Parshas Acharie Mos – Kedoshim

Choices, Choices!


“And Aharon shall place lots upon the two goats, one marked for Hashem and the other marked for Azazel.” (16:8)

Two friends met at a train station. Then they each took trains traveling in opposite directions. As time went on, the distance between the trains became greater and greater. Soon, the friends were very distant from each other.

Two other friends used to be part of a gang of robbers. They both died on the same day. One was admitted into Heaven while the other was not. The second fellow complained that it was not fair! Both friends had been part of the same gang. Why didn’t he enter Heaven together with his friend? He was told that his friend had repented his evil deeds whereas he had not.

The Talmud (Yuma 67B) explains that many of the mitzvos in the Torah are logical. Some mitzvos, called chukim, are not understandable to the human mind. Only Hashem understands their purpose. Three of those mitzvos are the prohibitions against eating pork, and against wearing clothes that contain shatnes (a mixture of wool and linen), and the mitzvah of the sa’ir hamishtaleach, the goat that was sent into the wilderness as part of the Yom Kippur service.

The Kohen Gadol performed a very lengthy service on Yom Kippur bringing atonement for the sins of the people. In one part of the service, he took two goats that were identical in height, weight, appearance, and value. Two lots were prepared. On one was written “for Hashem” and on the other was written, “for Azazel”.  One lot was picked for each goat. The goat that was prepared for Hashem was slaughtered with holiness and purity and its blood was sprinkled in the Kodesh haKadashim, the Holy of Holies in the Beis HaMikdash. The second goat, the sa’ir hamishtaleach, was escorted into a rocky, uncultivated desert where it was thrown off a cliff.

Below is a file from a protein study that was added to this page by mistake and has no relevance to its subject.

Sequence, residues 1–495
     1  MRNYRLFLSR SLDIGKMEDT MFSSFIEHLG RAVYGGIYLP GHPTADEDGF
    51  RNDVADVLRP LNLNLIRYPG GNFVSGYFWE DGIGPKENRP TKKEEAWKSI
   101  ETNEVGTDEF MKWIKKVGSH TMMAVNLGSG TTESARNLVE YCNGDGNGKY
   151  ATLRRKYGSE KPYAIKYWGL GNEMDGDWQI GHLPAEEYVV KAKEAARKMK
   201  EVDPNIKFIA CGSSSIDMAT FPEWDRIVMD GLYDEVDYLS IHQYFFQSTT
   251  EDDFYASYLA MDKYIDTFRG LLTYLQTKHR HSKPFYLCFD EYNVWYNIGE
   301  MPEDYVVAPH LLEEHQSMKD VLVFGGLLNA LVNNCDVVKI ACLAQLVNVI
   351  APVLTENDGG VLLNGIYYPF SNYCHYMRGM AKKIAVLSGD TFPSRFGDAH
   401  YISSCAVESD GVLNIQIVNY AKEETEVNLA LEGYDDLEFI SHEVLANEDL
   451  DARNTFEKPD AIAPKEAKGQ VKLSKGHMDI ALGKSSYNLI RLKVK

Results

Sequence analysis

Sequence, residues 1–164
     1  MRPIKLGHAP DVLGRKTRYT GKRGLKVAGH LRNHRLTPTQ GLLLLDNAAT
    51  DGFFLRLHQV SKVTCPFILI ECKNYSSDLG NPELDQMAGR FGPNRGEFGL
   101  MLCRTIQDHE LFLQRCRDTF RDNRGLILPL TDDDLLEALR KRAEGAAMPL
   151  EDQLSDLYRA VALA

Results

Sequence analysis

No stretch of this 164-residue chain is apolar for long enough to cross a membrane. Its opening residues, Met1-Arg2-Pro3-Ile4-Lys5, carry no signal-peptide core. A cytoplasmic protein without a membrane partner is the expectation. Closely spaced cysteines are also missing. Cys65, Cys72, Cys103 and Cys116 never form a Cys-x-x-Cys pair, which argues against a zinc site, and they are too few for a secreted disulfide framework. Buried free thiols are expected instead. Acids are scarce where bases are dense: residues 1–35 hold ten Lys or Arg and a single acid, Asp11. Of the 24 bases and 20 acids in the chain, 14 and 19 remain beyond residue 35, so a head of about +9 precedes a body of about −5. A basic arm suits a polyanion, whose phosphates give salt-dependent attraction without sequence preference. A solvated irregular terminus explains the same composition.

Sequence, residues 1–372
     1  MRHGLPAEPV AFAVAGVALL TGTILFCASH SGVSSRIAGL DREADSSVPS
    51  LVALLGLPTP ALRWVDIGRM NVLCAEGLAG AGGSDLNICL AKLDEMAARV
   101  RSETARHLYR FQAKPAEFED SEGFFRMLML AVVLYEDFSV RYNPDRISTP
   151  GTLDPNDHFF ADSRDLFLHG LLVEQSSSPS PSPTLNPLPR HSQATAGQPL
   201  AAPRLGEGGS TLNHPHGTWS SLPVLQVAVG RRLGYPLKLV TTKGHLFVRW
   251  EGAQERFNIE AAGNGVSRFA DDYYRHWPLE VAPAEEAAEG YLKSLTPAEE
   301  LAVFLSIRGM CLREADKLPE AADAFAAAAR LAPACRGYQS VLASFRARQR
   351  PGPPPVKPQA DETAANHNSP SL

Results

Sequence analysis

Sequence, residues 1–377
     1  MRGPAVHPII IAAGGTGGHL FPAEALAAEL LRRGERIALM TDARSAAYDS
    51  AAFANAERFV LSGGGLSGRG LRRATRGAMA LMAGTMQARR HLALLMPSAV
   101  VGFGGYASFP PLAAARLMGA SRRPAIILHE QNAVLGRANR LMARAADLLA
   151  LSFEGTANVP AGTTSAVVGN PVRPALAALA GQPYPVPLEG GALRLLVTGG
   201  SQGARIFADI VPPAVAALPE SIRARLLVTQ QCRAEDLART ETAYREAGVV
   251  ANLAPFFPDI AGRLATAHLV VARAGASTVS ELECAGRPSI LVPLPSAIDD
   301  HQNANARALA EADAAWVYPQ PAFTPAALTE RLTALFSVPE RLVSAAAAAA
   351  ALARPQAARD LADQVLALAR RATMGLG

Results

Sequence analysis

Two identical goats. Both were brought to bring atonement. One was sacrificed in a majestic way, and one unceremoniously thrown down a cliff with its bones breaking on the way down.

Rabbi Yosef Tzvi Salant (scion of the family of R. Yosef Zundel of Salant) in his sefer Be’er Yosef al HaTorah (as quoted in Yalkut Lekach Tov by Rabbi Yaakov Yisroel Beifus) learns a powerful mussar lesson from what happens to the two goats. Two people can be on the exact same level in their service to Hashem.  If one sincerely repents, out of love, on Yom Kippur, his sins can potentially turn into mitzvos. Hashem had been unhappy with his actions. Now this person becomes beloved to Hashem. If his friend does not do teshuvah, his sins weigh him down and he may even be considered a rasha.

Two identical people. One improves his actions while one does not. One chooses the proper path in life while one does not. They are now light years away from each other. One is beloved by Hashem and one is not as beloved (because he chooses not to repent on Yom Kippur from his evil deeds). One’s actions earn incredible reward for him, while the other one’s actions earn punishment for him.

Two friends starting in the same place can become light years apart.

The choices we make in life DO make a difference in the direction that we are going!